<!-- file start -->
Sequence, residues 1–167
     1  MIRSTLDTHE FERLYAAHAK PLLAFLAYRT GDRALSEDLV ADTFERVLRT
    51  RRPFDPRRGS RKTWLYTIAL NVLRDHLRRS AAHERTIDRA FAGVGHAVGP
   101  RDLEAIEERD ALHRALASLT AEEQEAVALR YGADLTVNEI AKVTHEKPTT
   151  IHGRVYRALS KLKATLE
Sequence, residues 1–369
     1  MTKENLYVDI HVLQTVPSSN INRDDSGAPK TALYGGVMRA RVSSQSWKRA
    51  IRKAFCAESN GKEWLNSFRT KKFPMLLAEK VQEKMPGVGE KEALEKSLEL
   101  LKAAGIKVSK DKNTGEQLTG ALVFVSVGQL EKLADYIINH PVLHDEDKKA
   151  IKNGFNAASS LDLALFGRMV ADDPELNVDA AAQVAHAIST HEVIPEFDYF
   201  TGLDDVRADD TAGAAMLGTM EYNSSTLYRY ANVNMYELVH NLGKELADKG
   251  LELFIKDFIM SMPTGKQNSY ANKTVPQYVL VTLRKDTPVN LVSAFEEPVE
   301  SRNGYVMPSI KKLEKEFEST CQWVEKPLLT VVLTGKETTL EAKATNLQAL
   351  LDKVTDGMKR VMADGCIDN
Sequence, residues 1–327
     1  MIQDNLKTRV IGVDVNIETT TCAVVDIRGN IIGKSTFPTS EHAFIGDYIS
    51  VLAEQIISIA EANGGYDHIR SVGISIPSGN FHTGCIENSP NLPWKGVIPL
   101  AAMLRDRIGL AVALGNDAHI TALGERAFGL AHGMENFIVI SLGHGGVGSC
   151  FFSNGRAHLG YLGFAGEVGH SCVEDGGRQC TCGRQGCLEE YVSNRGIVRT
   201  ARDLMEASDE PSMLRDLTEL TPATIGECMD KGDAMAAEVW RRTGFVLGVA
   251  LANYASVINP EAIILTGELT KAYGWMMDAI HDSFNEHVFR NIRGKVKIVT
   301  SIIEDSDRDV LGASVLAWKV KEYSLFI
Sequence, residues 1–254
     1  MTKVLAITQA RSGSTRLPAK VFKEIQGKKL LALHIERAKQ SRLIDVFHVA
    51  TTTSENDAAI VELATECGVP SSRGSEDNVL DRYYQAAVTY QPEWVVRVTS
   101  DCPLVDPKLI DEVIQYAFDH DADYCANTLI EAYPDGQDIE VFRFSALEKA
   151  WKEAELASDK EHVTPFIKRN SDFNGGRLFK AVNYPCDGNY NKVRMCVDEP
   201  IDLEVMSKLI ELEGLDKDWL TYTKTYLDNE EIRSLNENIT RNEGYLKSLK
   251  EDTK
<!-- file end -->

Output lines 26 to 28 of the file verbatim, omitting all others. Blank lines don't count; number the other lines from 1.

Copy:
   101  DCPLVDPKLI DEVIQYAFDH DADYCANTLI EAYPDGQDIE VFRFSALEKA
   151  WKEAELASDK EHVTPFIKRN SDFNGGRLFK AVNYPCDGNY NKVRMCVDEP
   201  IDLEVMSKLI ELEGLDKDWL TYTKTYLDNE EIRSLNENIT RNEGYLKSLK